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The Friends of Eddie Coyle

4.05  ·  Rating Details  ·  4,502 Ratings  ·  444 Reviews
The classic novel from "America's best crime novelist" (Time), with a new introduction by Dennis Lehane

George V. Higgins's seminal crime novel is a down-and-dirty tale of thieves, mobsters, and cops on the mean streets of Boston. When small-time gunrunner Eddie Coyle is convicted on a felony, he's looking at three years in the pen--that is, unless he sells out one of his b
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Paperback, 182 pages
Published April 27th 2010 by Picador (first published 1970)
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The Big Sleep by Raymond ChandlerThe Maltese Falcon by Dashiell HammettThe Long Goodbye by Raymond ChandlerFarewell, My Lovely by Raymond ChandlerThe Postman Always Rings Twice by James M. Cain
Best Hardboiled PI & Noir
29th out of 530 books — 661 voters
The Postman Always Rings Twice by James M. CainThe Maltese Falcon by Dashiell HammettThe Killer Inside Me by Jim ThompsonSin City, Vol. 1 by Frank MillerDouble Indemnity by James M. Cain
best crime pulps
34th out of 113 books — 6 voters


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Community Reviews

(showing 1-30 of 3,000)
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Dan Schwent
Gun runner Eddie Coyle is facing jail time for some hijacked booze. While trying to procure some guns for a friend of his for a string of bank robberies, Coyle decides to drop a dime on the man he's buying from. But will that be enough? And what will happen to Eddie once people hear he's a fink?

Elmore Leonard called this the best crime novel ever written. Dennis Lehane called it a game changer. Raylan Givens even mentioned it on an episode of Justified. I figured I should give it a read.

The Frie
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James Thane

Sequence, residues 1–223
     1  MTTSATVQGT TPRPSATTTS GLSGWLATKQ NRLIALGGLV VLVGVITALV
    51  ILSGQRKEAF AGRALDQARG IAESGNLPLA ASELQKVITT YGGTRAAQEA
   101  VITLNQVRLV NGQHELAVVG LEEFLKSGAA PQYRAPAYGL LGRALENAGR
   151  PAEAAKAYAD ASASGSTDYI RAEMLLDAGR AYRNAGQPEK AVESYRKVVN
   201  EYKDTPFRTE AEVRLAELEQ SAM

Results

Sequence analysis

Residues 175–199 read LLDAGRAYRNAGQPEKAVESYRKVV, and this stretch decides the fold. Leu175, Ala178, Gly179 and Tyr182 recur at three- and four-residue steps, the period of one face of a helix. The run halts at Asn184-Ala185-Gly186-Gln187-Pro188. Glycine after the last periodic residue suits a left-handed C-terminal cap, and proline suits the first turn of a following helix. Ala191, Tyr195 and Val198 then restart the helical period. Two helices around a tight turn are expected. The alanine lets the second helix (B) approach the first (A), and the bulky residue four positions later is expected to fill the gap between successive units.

Jul 05, 2015 James Thane rated it it was amazing  ·  review of another edition
Shelves: crime-fiction
The strength of this brilliant crime novel lies in the dialog, which constitutes about eighty percent of the book. George V. Higgins had an excellent ear and captures perfectly the voices of all of the characters who populate the book. I really have no idea what a group of typical run-of-the-mill criminals would actually sound like, but this is about the most realistic sounding group of crooks--and cops--that I've ever encountered in a novel.

At the center of the book is a small-time Boston crimi
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Kemper
With friends like these, you certainly wouldn’t need any enemies…

Eddie Coyle is a low-level Boston mobster facing serious prison time after getting arrested for driving a truck of hijacked liquor. While awaiting his sentencing, Eddie tries to buy guns to supply to some buddies who have been robbing banks, but he’s also angling to rat out his gun dealer to the cops in order to get out of going to jail.

I’ve been hearing about this book for quite a while, and I was worried that it couldn’t live up
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Tfitoby
"The best crime novel ever written." - Elmore Leonard

"What I can't get over is that so good a first novel was written by the fuzz." - Norman Mailer


George Higgins was an assistant U.S. Attorney for Massachusets when he set out to document the new reality of hardboiled criminal life in and around Boston with the story of Eddie Coyle. Told mostly in conversation the plot loosely revolves around petty criminal Eddie Coyle facing a sentencing trial and working to maneuver himself out of it with the a
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Mariel
Apr 23, 2012 Mariel rated it really liked it  ·  review of another edition
Recommends it for: I hate it when my friends become successful